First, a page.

Obligations have also been divided into unifactoral and bifactoral obligations: the former created by one party alone, the latter by the act of two.46a Simple contracts are necessarily bifactoral, but in the early common law at least, and in some jurisdictions still, assent on the part of the promisee is not essential to the validity of a contract under seal. A debt or a quasi-contractual obligation also may arise without any assent on the part of the debtor, and, occasionally, without any volition on the part of the creditor.47

Sec.14. Executed And Executory Contracts

If a transaction is fully executed on both Bides, it is not properly described as a contract. The term "executed contract" has, however, been sometimes used to describe executed consensual agreements, like sales completely carried out on both sides. The same term has also been used to describe unilateral contracts which are executed on one side only, as sales where the price has not yet been paid. Since the phrase if understood in the former meaning contains an improper use of the word contract, and in any event is ambiguous, its use is better avoided. The same criticism, so far as ambiguity is concerned, applies to the phrase "executory contracts." All unilateral contract as thus used, that it is a "legal solecism."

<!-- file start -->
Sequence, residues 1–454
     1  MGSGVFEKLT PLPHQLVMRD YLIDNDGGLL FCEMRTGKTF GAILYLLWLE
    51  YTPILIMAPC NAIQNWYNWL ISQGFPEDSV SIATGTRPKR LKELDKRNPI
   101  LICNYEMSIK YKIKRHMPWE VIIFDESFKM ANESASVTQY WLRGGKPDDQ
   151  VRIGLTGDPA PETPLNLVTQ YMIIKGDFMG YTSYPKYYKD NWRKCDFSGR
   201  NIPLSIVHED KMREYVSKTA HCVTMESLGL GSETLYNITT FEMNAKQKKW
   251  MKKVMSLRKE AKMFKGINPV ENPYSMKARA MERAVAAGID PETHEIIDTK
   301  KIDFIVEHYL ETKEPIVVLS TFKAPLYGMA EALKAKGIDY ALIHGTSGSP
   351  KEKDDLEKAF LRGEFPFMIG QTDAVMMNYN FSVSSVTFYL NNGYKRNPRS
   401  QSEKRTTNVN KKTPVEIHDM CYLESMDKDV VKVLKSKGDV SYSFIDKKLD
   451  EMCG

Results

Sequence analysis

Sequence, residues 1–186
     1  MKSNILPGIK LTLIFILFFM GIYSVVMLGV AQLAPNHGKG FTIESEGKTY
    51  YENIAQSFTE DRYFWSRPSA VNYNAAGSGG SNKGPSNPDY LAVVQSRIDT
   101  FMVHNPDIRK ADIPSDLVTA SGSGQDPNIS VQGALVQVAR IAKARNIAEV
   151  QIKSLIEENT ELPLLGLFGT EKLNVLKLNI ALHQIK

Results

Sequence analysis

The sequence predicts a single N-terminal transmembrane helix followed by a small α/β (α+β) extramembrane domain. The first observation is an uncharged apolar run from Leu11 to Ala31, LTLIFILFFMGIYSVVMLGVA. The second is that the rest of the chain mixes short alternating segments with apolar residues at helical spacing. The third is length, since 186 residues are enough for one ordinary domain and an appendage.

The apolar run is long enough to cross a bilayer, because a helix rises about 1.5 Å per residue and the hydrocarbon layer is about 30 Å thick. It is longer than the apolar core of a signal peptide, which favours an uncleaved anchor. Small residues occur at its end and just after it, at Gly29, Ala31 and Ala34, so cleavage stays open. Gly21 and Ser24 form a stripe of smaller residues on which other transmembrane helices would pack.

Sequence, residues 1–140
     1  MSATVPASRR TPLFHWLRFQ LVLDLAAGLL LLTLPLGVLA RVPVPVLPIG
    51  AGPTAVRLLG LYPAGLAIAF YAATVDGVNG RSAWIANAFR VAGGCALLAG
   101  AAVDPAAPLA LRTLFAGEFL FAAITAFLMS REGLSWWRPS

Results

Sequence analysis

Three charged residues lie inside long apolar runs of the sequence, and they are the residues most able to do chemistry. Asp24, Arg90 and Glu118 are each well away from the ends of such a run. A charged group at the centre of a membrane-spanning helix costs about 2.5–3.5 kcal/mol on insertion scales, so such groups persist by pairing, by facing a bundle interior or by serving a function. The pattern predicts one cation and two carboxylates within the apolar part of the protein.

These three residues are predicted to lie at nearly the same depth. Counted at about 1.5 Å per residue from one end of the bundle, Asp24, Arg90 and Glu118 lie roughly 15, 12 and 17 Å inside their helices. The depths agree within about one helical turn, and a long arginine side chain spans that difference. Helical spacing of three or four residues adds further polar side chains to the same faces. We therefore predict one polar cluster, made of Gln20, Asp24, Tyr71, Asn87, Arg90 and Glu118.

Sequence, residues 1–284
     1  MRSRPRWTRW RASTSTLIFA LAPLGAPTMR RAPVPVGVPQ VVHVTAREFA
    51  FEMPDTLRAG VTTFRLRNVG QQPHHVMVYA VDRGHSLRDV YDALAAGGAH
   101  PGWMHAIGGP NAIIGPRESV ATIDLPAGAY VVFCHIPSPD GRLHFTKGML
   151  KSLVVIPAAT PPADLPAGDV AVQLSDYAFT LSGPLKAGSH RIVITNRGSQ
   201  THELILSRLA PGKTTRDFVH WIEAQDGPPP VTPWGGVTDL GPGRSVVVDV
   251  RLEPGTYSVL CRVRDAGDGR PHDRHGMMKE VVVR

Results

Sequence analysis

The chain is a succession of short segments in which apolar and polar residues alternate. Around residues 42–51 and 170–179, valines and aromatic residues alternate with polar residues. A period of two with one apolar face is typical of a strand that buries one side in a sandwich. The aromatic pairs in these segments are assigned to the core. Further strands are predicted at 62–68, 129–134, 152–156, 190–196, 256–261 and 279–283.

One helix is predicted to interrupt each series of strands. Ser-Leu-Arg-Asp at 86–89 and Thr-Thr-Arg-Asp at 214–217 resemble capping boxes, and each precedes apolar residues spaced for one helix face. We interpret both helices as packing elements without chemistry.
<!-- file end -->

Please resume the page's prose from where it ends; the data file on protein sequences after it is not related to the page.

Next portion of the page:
46A somewhat similar use of the word unilateral is occasionally found in cases where specific performance of a contract is sought and objection made that the contract lacks the so-called mutuality necessary for the allowance of the remedy of specfic performance. A bargain open to such an objection is sometimes said to be unilateral. See Pomeroy's Equity Jurisprudence (3d ed.) Sec. 1405, n. 3; Stengel v. Sergeant, 74 N. J. Eq. 20, 68 Atl. 1106.